Irrigation prospects for 2019 downgraded

Wednesday, 8 May 2019

The Environment Agency has downgraded irrigation prospects for the 2019 season due to lower than average rainfall and available weather forecasts.

Prospects in East Anglia, Lincolnshire and Northamptonshire are now rated ‘poor’ meaning that growers are likely to face restrictions on abstraction for irrigation during the growing season due to low water levels.

Many other areas are assessed as having ‘moderate’ status meaning that controls may be placed on surface water abstraction if hot and dry conditions prevail in summer. Full detail on the EA’s assessments for each area can be found in the May 2019 prospects for irrigation.

Updated prospects for irrigation - forecast for 2019 (May 2019)

What can growers do now? Top tips for water savvy farming

  • Ensure water is applied as efficiently as possible to make it last the season
  • Re-assess your irrigation strategy based on crop value and contracts against likely water available
  • Check pipes and equipment to ensure water is not leaked and lost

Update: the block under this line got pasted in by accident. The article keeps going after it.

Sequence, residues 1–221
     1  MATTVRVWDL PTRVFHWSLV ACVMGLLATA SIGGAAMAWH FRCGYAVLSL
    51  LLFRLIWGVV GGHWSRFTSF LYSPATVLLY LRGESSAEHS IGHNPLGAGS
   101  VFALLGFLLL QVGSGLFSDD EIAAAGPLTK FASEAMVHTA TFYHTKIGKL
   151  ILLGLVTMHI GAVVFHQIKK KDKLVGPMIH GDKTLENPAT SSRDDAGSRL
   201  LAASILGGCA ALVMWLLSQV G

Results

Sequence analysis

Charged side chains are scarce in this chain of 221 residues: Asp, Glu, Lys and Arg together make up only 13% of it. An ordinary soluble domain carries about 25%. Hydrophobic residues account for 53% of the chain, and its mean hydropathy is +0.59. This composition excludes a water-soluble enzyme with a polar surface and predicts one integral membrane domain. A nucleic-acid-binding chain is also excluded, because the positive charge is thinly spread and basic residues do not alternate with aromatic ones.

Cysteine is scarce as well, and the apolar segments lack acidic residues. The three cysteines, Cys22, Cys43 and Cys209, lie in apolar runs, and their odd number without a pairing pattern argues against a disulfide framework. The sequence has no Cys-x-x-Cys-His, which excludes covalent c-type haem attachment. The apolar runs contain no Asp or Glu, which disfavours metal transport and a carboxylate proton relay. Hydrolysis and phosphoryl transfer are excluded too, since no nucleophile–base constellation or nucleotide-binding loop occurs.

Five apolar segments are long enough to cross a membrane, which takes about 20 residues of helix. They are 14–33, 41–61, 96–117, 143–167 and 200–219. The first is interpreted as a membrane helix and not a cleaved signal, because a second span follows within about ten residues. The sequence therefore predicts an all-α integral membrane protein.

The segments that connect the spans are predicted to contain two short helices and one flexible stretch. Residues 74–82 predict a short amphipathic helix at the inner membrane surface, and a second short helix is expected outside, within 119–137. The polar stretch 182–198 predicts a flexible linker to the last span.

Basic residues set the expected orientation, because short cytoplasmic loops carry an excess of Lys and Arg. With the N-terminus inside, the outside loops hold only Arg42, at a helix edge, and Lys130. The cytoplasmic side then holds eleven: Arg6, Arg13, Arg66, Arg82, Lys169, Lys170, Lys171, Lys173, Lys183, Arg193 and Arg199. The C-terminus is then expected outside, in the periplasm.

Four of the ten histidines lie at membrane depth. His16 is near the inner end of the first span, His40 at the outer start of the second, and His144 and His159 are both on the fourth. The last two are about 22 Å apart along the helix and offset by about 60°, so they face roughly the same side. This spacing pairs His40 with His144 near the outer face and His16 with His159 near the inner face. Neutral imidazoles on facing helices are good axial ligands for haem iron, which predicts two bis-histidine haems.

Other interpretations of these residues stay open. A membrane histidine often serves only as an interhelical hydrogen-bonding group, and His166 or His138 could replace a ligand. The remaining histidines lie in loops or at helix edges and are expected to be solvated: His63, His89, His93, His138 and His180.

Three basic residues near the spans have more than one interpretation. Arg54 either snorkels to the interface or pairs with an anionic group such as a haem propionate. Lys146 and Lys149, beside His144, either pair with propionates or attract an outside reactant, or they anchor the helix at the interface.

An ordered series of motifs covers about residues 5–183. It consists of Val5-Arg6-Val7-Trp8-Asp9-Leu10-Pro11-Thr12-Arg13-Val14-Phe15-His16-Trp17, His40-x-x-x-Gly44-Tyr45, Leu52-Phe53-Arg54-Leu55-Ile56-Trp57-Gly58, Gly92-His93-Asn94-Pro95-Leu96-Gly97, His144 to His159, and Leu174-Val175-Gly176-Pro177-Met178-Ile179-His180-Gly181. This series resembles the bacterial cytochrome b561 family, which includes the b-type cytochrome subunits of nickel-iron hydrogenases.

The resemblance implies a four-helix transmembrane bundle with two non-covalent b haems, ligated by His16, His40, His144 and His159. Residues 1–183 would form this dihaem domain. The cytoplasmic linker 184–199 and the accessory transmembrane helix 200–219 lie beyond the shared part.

• Utilise available storage capacity and apply to the EA to fill reservoirs out of season in the event that some abstraction is possible
  • Trade water with neighbours (see EA water rights trading map for East Anglia, Midlands and Northamptonshire and Lincolnshire)

Consider alternative sources of water that are available for use in an emergency (e.g. boreholes, mains water, tankered water)

More tools and resources on the AHDB weather page

Water resources expert Nicola Dunn said:

“The current outlook is for a difficult irrigation season due to lower than average rainfall over the winter months following last year’s drought. The wet weather in March wasn’t enough to make up for the lack of recovery in groundwater levels, and river flows have also been declining due to recent dry weather.

“While some wet weather over the summer is always a possibility, the Environment Agency’s prospects suggest that frequent restrictions on abstraction are likely, especially in key growing areas in the East. To help plan for what has the potential to be yet another dry summer, farmers and growers can follow our tips for water savvy farming and we’ll ensure updates to the water situation are available for you to view.”